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Balkan Route

After reaching Greece, most migrants and refugees in 2015 travelled onwards along the Balkan Route, hoping to make western Europe their final destination.

People left Greece to travel through the Former Yugoslav Republic of Macedonia (FYROM) and on to Serbia from where they crossed into Hungary, Croatia or Slovenia – depending on where the borders were open – and north into Austria and beyond. MSF provided over 40,000 medical consultations to people along the way, often treating conditions caused by their gruelling journeys and a lack of adequate shelter and sanitation.

 

Serbia

MSF deployed mobile teams in Serbia, so they could assist people as they moved across the country. At the border with FYROM, MSF worked in Miratovac and Preševo, where up to 4,000 people waited to be registered without shelter in poor weather conditions, MSF set up a clinic and provided basic and mental healthcare near the registration centre as well as at a transit camp near the border. Teams distributed relief items such as washing kits, food, tents, blankets and raincoats, while medical staff treated people suffering from common colds, respiratory tract infections and hypothermia. MSF also supported rubbish collection, set up toilets and offered transportation to disabled people and vulnerable families. In November, a team rehabilitated a 1.5-kilometre road, enabling thousands of people to proceed in greater safety, and set up toilets and six heated tents providing shelter for up to 270 people. Between June and December, the team completed 9,184 medical consultations.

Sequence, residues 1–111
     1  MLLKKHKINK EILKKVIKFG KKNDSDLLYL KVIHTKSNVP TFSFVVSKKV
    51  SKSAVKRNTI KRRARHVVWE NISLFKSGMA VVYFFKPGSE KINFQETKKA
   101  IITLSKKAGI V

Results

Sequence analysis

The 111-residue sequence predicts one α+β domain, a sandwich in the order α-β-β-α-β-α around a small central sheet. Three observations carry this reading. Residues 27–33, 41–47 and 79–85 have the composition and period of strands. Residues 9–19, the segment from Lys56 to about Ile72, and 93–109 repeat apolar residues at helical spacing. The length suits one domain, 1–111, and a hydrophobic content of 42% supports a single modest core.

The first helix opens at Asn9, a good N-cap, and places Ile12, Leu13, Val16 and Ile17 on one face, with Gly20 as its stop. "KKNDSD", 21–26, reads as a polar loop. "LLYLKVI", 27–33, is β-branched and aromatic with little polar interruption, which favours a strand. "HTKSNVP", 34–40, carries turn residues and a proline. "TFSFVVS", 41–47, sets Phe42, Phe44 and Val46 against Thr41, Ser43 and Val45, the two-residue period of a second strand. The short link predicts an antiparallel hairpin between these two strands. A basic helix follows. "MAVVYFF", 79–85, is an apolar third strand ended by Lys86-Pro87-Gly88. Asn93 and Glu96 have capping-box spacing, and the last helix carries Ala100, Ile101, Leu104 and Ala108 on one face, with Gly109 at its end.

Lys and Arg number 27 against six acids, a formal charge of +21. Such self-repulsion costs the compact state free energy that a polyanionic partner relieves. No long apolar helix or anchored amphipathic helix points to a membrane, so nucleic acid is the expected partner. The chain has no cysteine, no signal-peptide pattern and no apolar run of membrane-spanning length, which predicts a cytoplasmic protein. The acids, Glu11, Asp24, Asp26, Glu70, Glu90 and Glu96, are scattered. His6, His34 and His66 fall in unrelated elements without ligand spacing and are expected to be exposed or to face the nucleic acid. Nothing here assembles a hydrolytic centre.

In Belgrade, care was provided to refugees in two parks close to the train and bus stations. The team carried out 3,950 medical consultations between April and September.

Some nights, up to 3,000 people waited in line to be registered or they were stranded at the border with Croatia and had to sleep outside. Mobile clinics assisted people at the crossing points, for example at Sid, where teams inside the transit centre offered consultations as they waited for the train. MSF also set up eight large heated tents providing shelter for more than 2,000 people at the new transit points designated by the authorities. Between mid-September and early December, over 15,200 medical consultations were carried out.

Hungary

In September, MSF started running a mobile clinic in the border town of Röszke, where between 2,000 and 4,000 people crossed from Serbia each day. Medical care was provided to 400 people in four days, until a wire fence was erected and the border was closed on 14 September. People then diverted west to Croatia, until that border was also closed on 17 October and they diverted again, this time to Slovenia.

Most of the patients in Röszke were children with respiratory problems, pregnant women, and men with infected wounds caused by the long journey on foot and climbing over fences.

 

Slovenia and Croatia

In September and October, between 10,000 and 15,000 people per day were arriving in Slovenia and Croatia, most of them families. Due to a lack of coordination between the two countries, Slovenia’s reception centres were overwhelmed and unable to cope with the first influx of refugees. MSF supported the Ministry of Health at the Brežice transit centre on Slovenia’s border with Croatia in October and November, providing around-the-clock medical assistance to people entering Slovenian territory until trains were organised from Croatia to transport them directly to the Slovenian–Austrian border for onward travel. In Croatia, MSF teams set up a clinic in a transit camp about 15 kilometres from Tovarnik, near the Croatian border with Serbia, providing healthcare to refugees who were waiting to be transferred to Hungary. Around 5,000 people attended the clinic each day.